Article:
The visit to Guyana by US Secretary of State, Antony Blinken on Thursday was in my view, a major success. To make sense of Mr. Blinken’s la visite-éclair, we need to appreciate that diplomacy is full of subtleties, most of which cannot be picked-up by ‘the naked-eye’. In what follows, I shed some light on what might be best characterized as the performative dimensions of Blinken’s visit.
I also point to some excesses in the Stabroek News editorial of July 7, and some elementary errors in GHK Lall’s column under the title “Goodbye Secretary Blinken: was nice while the visit lasted (KN, July 7, 2023).
Let’s get to work. It is best that we begin with the big geopolitical issues since these are matters of raison d’état. China is a good place to start, and this not least because of the anxieties over that country’s determined prosecution of what it claims to be anti-hegemonic diplomacy. More than two decades ago I labelled the push back against Western dominance as “structural counterhegemony.” See my book “Counter-Hegemony and Foreign Policy” (SUNY Press, 2001).
Secretary Blinken’s visit to Trinidad (for the CARICOM Heads of Government Meeting) and then Guyana, must necessarily have involved discussions related to China’s gambit in Latin American and the Caribbean. But, what else should you expect? The US is a global power, and at one time the Monroe Doctrine was the pillar of American policy in this region. The collapse of the USSR put Monroe on the back burner. But China’s Belt and Road Initiative has given Washington cause and occasion to rekindle aspects of its one of its oldest strategic doctrines. What about Guyana?
Stabroek News appears to be upset that President Ali acknowledged China as a development partner, and as a country with common values. Now, while the point on democracy is understood, there are numerous historical and contemporary things that Guyana shares with the Chinese. Stabroek News must refresh its memory that Chinese indentured servants arrived here since the 1850s. But more than that, Guyana and China have had an enduring sense of South-South cooperation.
It appears that the Moray House elitists cannot handle the fact that President Ali was forthright in his statement that while American businesses had ignored us, the Chinese were here fully engaged. Guyana is not a little pip-squeak, and it should not behave like one!
Mr. Blinken’s stopover here could not have gone unnoticed by Beijing. In my own view that is for the two Great Powers to work out.
Another matter of high politics concerned Venezuela. On this score, something rather dramatic happened.
The Secretary of State of the United States of America called for free and fair election WHILE ON GUYANESE SOIL. That is of immense importance from the performative side of things. More than anything else Mr. Blinken’s Venezuela statement had two immediate effects, namely (1) it categorically affirmed Guyana as a true democracy; and (b) it sent a message to Venezuela that the US and Guyana have shared interests at the level of national and regional security.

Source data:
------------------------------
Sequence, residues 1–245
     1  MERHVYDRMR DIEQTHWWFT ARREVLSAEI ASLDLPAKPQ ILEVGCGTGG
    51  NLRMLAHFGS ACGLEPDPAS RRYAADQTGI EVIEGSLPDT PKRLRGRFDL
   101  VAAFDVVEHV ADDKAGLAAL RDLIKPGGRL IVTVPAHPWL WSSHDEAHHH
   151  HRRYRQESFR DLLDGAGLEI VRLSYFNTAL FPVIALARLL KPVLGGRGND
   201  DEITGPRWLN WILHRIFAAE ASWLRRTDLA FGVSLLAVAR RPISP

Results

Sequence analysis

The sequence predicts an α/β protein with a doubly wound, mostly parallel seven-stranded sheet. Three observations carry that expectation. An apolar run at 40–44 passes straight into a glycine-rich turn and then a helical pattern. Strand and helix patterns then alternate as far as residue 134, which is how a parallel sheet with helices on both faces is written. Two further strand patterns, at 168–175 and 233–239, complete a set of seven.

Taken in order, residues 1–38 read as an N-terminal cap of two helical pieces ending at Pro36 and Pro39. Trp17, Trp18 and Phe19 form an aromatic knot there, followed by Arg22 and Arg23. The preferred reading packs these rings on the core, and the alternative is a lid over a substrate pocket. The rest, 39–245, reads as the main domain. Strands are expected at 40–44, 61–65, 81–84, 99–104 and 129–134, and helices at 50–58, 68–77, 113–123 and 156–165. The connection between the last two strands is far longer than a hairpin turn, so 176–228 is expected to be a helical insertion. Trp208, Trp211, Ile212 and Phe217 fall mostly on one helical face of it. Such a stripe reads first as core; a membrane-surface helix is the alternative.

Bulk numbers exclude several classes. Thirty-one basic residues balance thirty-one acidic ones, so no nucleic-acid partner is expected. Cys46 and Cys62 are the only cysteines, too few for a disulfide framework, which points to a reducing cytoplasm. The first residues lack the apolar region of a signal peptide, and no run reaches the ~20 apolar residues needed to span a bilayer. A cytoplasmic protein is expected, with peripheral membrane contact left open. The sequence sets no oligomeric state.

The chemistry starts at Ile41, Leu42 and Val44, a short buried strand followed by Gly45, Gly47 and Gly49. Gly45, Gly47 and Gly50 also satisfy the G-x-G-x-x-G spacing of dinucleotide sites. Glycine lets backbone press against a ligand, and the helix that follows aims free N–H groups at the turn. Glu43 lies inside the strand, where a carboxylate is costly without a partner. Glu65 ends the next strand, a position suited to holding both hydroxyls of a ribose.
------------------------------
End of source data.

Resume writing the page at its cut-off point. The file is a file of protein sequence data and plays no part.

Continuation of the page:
The self-hating, permanently colonized among us can’t see any of this. One of them described Guyana as a “shanty town.” The same genius, however, determined that this same shanty town “…is now of supreme importance to America.”
GHK Lall makes the most bizarre recommendation ever offered in the history of Kaieteur News columns. He wants President Ali to do what dictators such as Ferdinand Marcos did for the Philippines at Subic Bay, and what General Musharraf did for Pakistan during the War on Terror. If you do not know, Marcos was paid a stipend for maintaining his military dictatorship. According to Amnesty International, “…70,000 people were imprisoned, 34,000 were tortured and over 3,200 people were killed in the nine years after Mr. Marcos imposed martial law.”
Marcos’ wife, Imelda Marcos, had 888 handbags, and 3000 pairs of shoes, and 500 evening gowns. Nice stipend! For his part, Musharraf helped to hide Osama bin Laden at Abbottabad, even while he was receiving [GHK recommended style] foreign aid from the United States.
In 2019, General Musharraf was found guilty of high treason for suspending Pakistan’s constitution. What an extraordinary example of brutish betrayal Mr. GHK Lall wants us to follow!
Secretary Blinken could have easily headed back to Washington after the 45th sitting of the CARICOM Heads of Government (50th Anniversary) which he attended.
Think about it, President Ali was in Trinidad and the two of them no doubt interacted. So why bother to come down to Georgetown? The short answer is that the trip was simply a signaling event, a communications ‘spectacle’ yes, but only for those who understand these things.
In case you doubt the place of ‘spectacle’ in diplomacy let me take you back to a meeting between Napoleon and the Austrian Foreign Minister, Prince Klemens von Metternich, at Dresden in June 1813. Metternich was a crafty statesman and, in anticipation of a major war, wanted some concessions from France.
Napoleon wanted to test Austria’s resolve and his own capacity for hegemonic leadership. He decided to drop his hat. By established protocol then in place, Metternich should have picked up the hat and give it to Napoleon. The Austrian statesman refused, and as the historians would have it, Napoleon knew then that his game was over.
In closing, and without getting too academic (yes, there is such a thing) I should state that what we commonly know as a ‘spectacle’ is more technically a ‘play of signs.’ A sign in linguistics is when something stands in for something else, much the same way in which a red rose might signal ‘love.’ Secretary Blinken’s visit here was a brilliant play of signs, an event signaling far more than what appeared to have happened. Congratulations are in order for the fine staff at the Ministry of Foreign Affairs.
Dr. Randolph Persaud